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VALLEY OF FIRE, NEVADA

For our last full day (Saturday) at Lake Mead we thought it would be fitting to drive into Vegas (Baby!) and see the sights. We had it all planned: we would wait until about 7PM and have a cup of coffee (to keep us from falling asleep on the sidewalk in front of the Bellagio) and then drive the 30 miles to the Strip where we would people watch and maybe duck into a few casinos. Well, come 7PM we were sitting in our LaFumas under the the trailer awning at the campground. We looked at each other and said, simultaneously “Do you feel like going to Vegas, Baby?”

“Not really” was our simultaneous response.

You see, we have developed such a comfortable routine where we eat our supper, do our crosswords, sit out under the stars for a while and then go back inside and watch the next installment of Mad Men or Downton Abbey or Rome (currently) on DVD. It works so well we didn’t want to make an exception – even for Vegas.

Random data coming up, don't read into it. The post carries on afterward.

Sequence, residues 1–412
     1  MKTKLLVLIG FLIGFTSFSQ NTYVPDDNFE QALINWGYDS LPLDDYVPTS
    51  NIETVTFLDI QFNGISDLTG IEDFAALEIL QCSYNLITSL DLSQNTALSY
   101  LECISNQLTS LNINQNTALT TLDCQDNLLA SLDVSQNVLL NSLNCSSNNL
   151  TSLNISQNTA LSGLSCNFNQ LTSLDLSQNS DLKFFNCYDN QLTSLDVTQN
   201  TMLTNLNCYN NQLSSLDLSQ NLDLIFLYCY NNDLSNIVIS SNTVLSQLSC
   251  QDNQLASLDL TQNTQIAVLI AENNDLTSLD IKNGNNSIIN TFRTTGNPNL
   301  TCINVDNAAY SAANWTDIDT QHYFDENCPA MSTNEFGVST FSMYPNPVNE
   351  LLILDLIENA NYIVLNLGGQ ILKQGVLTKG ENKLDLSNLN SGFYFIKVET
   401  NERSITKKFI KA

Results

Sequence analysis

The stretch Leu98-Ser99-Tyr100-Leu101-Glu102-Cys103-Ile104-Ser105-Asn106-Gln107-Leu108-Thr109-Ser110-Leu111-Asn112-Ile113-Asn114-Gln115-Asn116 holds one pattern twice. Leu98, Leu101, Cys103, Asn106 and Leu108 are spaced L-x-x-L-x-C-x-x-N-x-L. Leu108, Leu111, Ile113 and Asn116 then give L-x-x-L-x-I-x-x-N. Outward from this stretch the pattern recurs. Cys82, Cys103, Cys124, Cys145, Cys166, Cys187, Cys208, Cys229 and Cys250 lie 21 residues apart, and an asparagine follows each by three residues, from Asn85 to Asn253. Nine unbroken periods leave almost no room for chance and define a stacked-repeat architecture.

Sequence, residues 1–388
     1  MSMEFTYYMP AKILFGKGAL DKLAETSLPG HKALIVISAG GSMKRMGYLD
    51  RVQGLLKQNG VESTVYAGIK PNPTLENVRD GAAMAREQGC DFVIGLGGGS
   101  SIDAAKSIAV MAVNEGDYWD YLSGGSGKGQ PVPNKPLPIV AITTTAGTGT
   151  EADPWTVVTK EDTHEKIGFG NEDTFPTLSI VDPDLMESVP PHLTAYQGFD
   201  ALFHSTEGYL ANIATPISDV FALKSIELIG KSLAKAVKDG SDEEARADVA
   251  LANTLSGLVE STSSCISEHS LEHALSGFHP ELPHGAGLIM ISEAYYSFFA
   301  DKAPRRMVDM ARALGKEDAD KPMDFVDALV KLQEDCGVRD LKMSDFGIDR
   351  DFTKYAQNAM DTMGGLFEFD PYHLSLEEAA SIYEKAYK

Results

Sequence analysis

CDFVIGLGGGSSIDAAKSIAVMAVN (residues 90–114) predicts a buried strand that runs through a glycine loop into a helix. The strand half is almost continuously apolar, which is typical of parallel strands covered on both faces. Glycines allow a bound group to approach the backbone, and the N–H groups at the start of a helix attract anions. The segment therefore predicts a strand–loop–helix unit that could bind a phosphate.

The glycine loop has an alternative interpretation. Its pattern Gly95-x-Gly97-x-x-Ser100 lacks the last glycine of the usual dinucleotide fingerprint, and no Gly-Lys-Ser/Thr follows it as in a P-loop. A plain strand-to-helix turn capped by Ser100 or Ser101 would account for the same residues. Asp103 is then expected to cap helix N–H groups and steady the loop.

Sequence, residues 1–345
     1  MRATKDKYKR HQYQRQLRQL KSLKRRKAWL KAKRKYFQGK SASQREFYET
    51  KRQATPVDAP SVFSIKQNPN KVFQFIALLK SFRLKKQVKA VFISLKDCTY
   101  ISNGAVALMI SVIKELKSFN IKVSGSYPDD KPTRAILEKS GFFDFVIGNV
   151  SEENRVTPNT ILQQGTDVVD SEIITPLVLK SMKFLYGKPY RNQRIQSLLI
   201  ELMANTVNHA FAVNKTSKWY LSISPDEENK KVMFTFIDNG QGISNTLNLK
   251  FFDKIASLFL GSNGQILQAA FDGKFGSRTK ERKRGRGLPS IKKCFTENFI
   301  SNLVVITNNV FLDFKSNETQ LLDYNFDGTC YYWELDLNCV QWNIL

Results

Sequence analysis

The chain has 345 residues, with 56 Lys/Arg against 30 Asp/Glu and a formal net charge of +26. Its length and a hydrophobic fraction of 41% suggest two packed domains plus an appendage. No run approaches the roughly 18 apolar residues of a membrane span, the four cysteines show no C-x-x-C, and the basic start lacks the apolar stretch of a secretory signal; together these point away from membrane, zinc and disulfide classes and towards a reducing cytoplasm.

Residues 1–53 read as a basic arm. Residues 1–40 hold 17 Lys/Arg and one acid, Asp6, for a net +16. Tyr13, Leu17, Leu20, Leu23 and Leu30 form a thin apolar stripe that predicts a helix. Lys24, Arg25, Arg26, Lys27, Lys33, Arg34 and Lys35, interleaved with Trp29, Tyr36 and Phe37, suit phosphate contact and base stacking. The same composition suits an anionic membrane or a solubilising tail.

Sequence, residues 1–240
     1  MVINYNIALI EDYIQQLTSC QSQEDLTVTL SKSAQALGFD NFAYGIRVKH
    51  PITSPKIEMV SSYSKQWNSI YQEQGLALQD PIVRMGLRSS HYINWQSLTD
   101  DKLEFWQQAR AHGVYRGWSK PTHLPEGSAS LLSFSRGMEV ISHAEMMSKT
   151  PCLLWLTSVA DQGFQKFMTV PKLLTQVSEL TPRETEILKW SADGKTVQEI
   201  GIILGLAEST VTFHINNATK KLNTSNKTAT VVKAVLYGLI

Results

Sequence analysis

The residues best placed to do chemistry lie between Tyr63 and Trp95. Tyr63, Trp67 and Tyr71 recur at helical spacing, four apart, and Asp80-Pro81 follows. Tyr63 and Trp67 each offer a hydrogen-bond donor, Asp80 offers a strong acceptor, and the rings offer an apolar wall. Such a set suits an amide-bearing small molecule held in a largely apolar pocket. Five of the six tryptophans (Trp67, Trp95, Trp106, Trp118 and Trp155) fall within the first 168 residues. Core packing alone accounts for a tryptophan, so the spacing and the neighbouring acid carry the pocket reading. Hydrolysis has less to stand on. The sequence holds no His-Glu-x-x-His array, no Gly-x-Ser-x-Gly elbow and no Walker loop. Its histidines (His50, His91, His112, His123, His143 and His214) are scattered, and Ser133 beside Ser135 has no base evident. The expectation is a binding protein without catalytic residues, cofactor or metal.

Sunday morning we made it all of 50 miles north to Valley of Fire State Park and found a great camp site amongst the sandstone grottos (above.) We planned to stay a few days but a horrendous wind storm came up in the night. It was so bad that all the other campers had packed up in the night and skeedaddled. We were the only ones left at dawn! Then the rain started and we said what are we staying here for? so we left.

I was digging it for the first fifty miles because we had a modest tailwind which = about 15 mpg but then the wind shifted to a headwind which = about 6 mpg which = about $1/mile which really bummed me out. Mary often derides my obsession with fuel milage but looking at the mpg display today even she felt the pain so when we passed this nice little lake, Pahranagat National Wildlife Refuge, she was all for stopping. So that’s where we are.

I’m seriously thinking about fabricating an aerodynamic rear end for this trailer in hopes that I can improve mpg. The next big thing from Carlsen Laboratories?

We took a walk around the lake and I was able to identify a kingfisher, western grebe, coot, cliff swallow and red-tailed hawk.

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